Perils of topic modeling

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Today's xkcd illustrates why topic modeling can be tricky, for people as well as for machines:

The mouseover title: "As the 'exotic animals in homemade aprons hosting baking shows' YouTube craze reached its peak in March 2020, Andrew Cuomo announced he was replacing the Statue of Liberty with a bronze pangolin in a chef's hat."

The strip is about trends in Google searches rather than in document content, but the point is similar: it's one thing to detect a new cluster of words and phrases, and something else to assign an interpretation.

In some cases, the discovery is just a new instance of a familiar type. And here, of course, the familiar type is epidemic or pandemic — but there are a few socio-cultural steps from that to sewing machines, webcams, and flour.


  1. Philip Taylor said,

    May 5, 2020 @ 8:31 am

    Is this perhaps another example of metathesis — someone confusing causal relationships with casual ?

  2. Thomas Hutcheson said,

    May 5, 2020 @ 10:04 am

    I thought that the Ngram program was no longer being updated?

  3. mg said,

    May 5, 2020 @ 10:06 am

    @Philip Taylor – it's Randall Munroe doing his usual finding fun when it's bleak. He's very aware that correlation doesn't equal causation. The increases in all these search terms are definitely related to the pandemic, just in non-obvious ways.

    This comic beautifully illustrates the perils of trying to find the reasoning behind synchronicity of changes without prior knowledge of context. These increases in search frequency all have the same root cause, but it's definitely not one that would occur to an outside observer with no knowledge of the current situation.

  4. Garrett Wollman said,

    May 5, 2020 @ 10:35 am

    @Thomas, Google Trends is for Google search query strings; it's unrelated to Google Books Ngrams, which shows phrases retrieved from a fixed subset of the Google Books corpus.

  5. Kristian said,

    May 5, 2020 @ 11:59 am

    It's a good comic. For someone who knew what a pangolin was (I didn't) and who notices that the pangolin curve is the first to start rising there at the end, it wouldn't necessarily have been that hard to guess. Once you make the association between "exotic animal" and "disease", it's not that hard to fit in the others. (That is, given the major clue that the rise in these search terms is related.)

  6. John From Cincinnati said,

    May 5, 2020 @ 1:43 pm

    For those perlhaps unfamiliar with Google Trends, the particular depicted graph is Thing whose citation here I harvested from the ever-useful ExplainXKCD WIKI). Randall Munroe is not only Not Making This Up, but GOOMHR is an acronym defined at urbandictionary, for Get Out Of My Head Randall.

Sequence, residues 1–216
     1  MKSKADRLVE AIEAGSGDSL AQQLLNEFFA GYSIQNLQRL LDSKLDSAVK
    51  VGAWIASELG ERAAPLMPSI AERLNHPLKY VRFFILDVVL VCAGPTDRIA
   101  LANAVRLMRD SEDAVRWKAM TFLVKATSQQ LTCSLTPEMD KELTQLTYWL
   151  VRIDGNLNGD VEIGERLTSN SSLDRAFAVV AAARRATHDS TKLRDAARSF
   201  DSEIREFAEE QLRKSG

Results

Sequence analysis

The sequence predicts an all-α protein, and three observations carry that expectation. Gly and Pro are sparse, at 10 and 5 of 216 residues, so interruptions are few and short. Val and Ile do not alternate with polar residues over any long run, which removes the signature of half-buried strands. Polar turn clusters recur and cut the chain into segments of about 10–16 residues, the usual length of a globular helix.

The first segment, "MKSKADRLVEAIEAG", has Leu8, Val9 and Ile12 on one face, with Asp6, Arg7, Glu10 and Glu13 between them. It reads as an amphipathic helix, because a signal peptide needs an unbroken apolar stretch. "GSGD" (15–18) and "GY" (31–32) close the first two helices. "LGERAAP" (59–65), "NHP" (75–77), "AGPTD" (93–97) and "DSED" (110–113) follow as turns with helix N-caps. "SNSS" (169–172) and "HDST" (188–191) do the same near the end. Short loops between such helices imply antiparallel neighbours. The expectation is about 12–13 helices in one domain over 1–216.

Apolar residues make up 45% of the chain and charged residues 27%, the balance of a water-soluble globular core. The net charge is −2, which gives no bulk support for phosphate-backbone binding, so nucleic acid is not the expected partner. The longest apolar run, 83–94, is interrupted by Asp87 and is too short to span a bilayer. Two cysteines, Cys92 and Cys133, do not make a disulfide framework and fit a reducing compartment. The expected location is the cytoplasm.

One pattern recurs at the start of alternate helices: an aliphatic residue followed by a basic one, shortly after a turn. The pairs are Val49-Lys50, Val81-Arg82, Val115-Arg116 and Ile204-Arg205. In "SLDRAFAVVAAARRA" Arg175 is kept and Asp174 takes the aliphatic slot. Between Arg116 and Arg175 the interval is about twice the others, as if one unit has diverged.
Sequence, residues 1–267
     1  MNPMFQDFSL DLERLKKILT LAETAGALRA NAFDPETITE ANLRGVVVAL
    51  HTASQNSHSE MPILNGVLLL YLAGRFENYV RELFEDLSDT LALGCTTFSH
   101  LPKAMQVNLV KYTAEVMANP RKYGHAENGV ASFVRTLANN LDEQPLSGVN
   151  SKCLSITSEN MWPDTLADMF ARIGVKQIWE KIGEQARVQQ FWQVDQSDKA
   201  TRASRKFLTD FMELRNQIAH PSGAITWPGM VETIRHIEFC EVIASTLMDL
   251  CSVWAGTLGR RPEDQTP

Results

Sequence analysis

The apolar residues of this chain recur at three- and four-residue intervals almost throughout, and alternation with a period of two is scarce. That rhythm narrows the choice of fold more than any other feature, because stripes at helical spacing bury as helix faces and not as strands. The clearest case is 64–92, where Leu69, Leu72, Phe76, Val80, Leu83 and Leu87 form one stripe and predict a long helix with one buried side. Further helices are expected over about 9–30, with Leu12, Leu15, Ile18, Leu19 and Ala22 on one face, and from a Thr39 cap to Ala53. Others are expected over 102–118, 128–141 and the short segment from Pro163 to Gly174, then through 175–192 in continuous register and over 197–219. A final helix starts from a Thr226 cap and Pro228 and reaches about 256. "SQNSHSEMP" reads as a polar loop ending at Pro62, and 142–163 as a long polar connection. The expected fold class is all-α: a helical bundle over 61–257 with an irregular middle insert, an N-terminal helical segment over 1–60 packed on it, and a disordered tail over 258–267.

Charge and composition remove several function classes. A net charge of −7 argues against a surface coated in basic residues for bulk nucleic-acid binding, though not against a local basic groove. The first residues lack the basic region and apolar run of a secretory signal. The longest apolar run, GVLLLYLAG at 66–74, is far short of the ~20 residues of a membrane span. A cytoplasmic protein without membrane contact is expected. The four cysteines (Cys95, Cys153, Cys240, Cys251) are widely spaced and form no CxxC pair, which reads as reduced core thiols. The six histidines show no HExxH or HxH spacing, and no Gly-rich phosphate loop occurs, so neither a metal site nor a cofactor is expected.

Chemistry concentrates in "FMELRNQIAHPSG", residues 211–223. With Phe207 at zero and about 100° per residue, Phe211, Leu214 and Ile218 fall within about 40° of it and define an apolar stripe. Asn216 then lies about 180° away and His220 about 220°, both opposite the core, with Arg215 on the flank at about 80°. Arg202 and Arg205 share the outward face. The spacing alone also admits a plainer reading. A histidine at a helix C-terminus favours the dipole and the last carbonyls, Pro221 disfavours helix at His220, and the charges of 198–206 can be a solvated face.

7. John From Cincinnati said,

    May 5, 2020 @ 1:46 pm

    Sorry, missing quote.
    whose citation here

  8. Dave Cragin said,

    May 5, 2020 @ 4:37 pm

    For more fun, the best illustrations I've seen of issues that are superbly correlated, yet have no causal relationship are by

    He showed that "US spending on science, space & technology" correlated almost perfectly with "Suicides by hanging, strangulation, and suffocation" (Correlation r = 0.99789 )

    Or "Per capita cheese consumption" correlated very well with "Number of people who died by becoming tangled in their bedsheets." (r=0.947)

    Hence, he illustrates the point by mg, i.e., correlation doesn't equal causation.

    I didn't realize Ngrams based only on books (and only a subset of them). Thanks.

  9. Andrew Usher said,

    May 5, 2020 @ 6:49 pm

    I assumed 'pangolin' was something unrelated to the currently-obvious connection between the others. Also I imagine he cheated a little by not putting them on exactly the same scale, even though they're real data.

    k_over_hbarc at yahoo dot com

  10. unekdoud said,

    May 7, 2020 @ 7:01 am

    "Pangolin" is explainable as a common automatic suggestion (by Google) or correction (by phones) for "pan-".

    Or maybe, as has been the case for decades, Google knows something we don't.

  11. Victor Mair said,

    May 7, 2020 @ 12:17 pm

    There are lots of reasons why "pangolin" is a trending term nowadays:

    1. Chinese love to eat them

    2. They are on the verge of extinction

    3. They were being sold in the same Wuhan wet market as the COVID-19 bats and implicated by some in the transmission of the bat virus to humans

    4. One of the most popular online China affairs discussion groups is called "Pangolin"


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